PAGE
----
it. (Blanching, bring to a boil. Parboil for a certain amount of time. To speed
up final cooking at time of service).
9. In what ways are Potato "Olivette, Chateau, Nature, (Anglaise) and
Fondant, the same, and in what way are they different. (They are all "Tourned
Potatoes", but are cooked in different ways).
10. What are the steps you take when making "Chateau Potatoes" (Tourne,
blanch, and saut in clarified butter.)
11. Suppose you where serving a poached Fish "Vin Blanc" which tourned
potato would you serve with it. (Pommes Nature, (Anglaise).
12. Can you recommend a potato to be used in a stew, based on the
information you now possess, and why. (Yes, a red skin or new potato,
because it is high in moisture, low in starch and will hold up well in a stew.)

Rice

The rice most commonly used in the US is white or polished rice. This is grains of rice
of any length, from which the germ has been removed. The resulting rice has a
superior shelf live. The germ of the rice is the part most likely to become rancid or
infested by insects.
The four steps of processing Rice:
1. Thrashing: Separating the rice from the stalk = Patty Rice.
2. Milled 1st time: Removing the outer husk = Brown Rice.
3. Milled 2nd time: Bran & embrio germ are removed = White Rice.
4. Washed, cleaned, polished and a coating of corn syrup and talcum is applied to
give it a pearly luster.
The types of rice most used in kitchens today are as follows:
Long Grain
Medium Grain
Short Grain
Converted Rice

Low Starch
Medium Starch
High Starch
Uncle Ben's

Par cooked Rice

Uncle Ben's Minute Rice

Boiled, Pilaf
Boiled, Pilaf
Arborio, Risotto, Croquette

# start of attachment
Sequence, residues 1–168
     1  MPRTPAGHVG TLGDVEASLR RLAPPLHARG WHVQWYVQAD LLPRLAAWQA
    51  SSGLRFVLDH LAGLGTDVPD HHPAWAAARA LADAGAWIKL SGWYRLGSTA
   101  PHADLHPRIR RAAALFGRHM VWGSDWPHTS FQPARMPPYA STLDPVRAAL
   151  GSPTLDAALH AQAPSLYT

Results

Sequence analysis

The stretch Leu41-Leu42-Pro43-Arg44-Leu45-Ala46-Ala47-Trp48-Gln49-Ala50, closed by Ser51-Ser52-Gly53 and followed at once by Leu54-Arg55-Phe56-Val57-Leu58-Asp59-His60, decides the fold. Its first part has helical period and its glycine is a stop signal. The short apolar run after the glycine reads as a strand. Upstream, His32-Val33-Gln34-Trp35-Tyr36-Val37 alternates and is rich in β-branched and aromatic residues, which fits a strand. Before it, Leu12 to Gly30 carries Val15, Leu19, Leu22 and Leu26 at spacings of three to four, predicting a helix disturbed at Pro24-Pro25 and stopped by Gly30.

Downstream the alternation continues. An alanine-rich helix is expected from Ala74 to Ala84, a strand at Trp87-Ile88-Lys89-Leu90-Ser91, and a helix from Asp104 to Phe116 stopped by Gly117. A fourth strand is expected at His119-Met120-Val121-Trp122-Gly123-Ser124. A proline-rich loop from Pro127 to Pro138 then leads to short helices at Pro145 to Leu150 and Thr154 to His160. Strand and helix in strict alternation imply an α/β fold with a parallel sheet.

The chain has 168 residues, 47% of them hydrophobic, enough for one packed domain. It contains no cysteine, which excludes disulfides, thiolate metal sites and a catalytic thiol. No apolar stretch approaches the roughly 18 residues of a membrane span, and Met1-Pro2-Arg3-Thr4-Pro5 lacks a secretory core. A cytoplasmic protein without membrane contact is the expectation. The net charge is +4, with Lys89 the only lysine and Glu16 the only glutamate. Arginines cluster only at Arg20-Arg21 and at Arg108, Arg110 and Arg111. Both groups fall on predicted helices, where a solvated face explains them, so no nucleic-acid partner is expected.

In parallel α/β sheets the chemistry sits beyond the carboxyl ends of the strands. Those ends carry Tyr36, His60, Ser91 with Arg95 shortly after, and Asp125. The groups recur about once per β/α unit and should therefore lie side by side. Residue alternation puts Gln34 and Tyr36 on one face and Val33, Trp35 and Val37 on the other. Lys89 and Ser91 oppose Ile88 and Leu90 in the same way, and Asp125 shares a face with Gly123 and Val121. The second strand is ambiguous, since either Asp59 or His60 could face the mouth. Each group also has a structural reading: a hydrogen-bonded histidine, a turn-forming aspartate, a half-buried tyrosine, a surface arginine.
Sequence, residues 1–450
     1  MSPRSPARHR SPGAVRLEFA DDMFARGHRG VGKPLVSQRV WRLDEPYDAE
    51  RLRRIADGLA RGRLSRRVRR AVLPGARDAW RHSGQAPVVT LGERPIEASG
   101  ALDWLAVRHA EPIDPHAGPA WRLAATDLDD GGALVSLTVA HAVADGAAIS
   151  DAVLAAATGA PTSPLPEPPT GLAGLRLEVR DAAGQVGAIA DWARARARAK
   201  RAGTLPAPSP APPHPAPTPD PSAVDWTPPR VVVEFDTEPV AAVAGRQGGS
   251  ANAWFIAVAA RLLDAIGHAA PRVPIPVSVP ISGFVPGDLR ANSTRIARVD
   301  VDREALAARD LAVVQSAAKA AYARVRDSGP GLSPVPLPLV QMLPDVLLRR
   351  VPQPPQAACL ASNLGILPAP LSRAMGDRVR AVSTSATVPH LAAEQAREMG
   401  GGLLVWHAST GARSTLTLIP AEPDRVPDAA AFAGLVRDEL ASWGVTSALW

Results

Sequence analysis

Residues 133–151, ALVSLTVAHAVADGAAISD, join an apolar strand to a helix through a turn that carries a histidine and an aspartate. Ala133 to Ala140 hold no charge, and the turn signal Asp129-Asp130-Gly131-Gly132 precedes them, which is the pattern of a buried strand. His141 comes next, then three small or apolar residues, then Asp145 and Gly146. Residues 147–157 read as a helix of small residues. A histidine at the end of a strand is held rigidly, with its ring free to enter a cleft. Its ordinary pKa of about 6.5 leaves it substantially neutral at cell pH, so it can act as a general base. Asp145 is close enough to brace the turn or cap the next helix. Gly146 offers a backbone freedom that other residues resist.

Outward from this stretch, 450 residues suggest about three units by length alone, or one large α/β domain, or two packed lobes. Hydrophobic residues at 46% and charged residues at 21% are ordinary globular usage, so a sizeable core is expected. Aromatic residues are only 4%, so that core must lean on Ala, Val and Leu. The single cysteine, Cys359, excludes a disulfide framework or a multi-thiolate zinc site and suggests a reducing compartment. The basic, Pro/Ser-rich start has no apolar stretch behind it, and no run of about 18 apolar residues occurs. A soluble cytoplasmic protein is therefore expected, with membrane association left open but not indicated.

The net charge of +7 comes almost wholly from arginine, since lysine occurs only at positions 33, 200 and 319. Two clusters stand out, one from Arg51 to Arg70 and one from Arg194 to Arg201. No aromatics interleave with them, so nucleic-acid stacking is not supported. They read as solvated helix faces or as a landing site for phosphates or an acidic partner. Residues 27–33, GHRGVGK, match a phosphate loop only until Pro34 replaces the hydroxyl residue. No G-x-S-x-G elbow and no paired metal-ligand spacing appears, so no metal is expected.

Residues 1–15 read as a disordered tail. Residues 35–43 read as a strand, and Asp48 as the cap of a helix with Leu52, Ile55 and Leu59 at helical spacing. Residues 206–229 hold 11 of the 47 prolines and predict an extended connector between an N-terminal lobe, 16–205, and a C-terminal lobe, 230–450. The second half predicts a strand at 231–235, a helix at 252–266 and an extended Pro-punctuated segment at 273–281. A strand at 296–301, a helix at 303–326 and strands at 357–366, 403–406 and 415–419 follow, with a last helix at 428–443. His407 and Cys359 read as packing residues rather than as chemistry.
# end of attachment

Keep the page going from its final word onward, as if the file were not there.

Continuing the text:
Boiled, Pilaf

Wild Rice
Wild rice is not actually rice. It is the grain of a single
stemmed aquatic plant, a wild grass
. List the three different grains of rice grown in the USA. (Long grain,
Medium grain and short grain rice)
2.

Which one do we use when making steamed rice, and which one for

risotto. (Long grain rice, for steamed. Short grain for risotto.)
3. What process produces brown rice, what happens when we cook
brown rice. (The first milling only removes the tough outer husk, and
produces brown rice. Brown will take much longer to cook then white)

4. Why is wild rice not really a rice, what is it, and how long will it take to
cook. (Wild rice is the grain of a wild grass, valued for its nutty flavor, simmer
for 60 to 75 minutes in three times the amount of liquid.)
5. Why do you suppose we add the liquid in several additions while stirring
and not at once when making risotto? (To develop a creamy consistency.)
Determining Doneness in Roasted Foods:
o For poultry: 165F (74C)
o For veal and pork: Medium 140F to 145F (60C to 63C), Well Done
140F to 145F (60C to 63C) * FDA guidelines require that pork reach a
finished internal temperature of 160F (71C) to be considered medium.
o For beef and lamb: Very Rare:125F (52C) Medium rare130F to
135F (54C to 57C) Medium140F - 145F (60C to 63C) Medium
well150F to155F (66C to 68C) Well done160F (71) or more.

1.

List the four ways of cooking, included in the application of "Dry-heat

cooking without fat or oil". (Grilling, Broiling, Roasting and Poling, (Butter
roasting).
2. Summarize the steps involved when roasting a chicken. (Seasoning,
trussing, oven searing, roasting, resting, and carving).
3. At what temperature do we oven sear, and roast a chicken. (We oven
sear at 450F and roast at 375F).
4. What is the reason for roasting a chicken to the internal temperature of
165? (To kill all the Bacteria found in poultry (Salmonella)
5. Why do you suppose carryover cooking happens and how many degrees
are we talking about, in a chicken or a small roast. (The heat remaining in the
roast will continue to increase after it is removed from the oven, about 10 in a
chicken, or a small roast,.

6. I want you to select a cooking method best suited for the Quail you have
on hand, from the four applications of "Dry-heat cooking". (Poling or butter
roasting).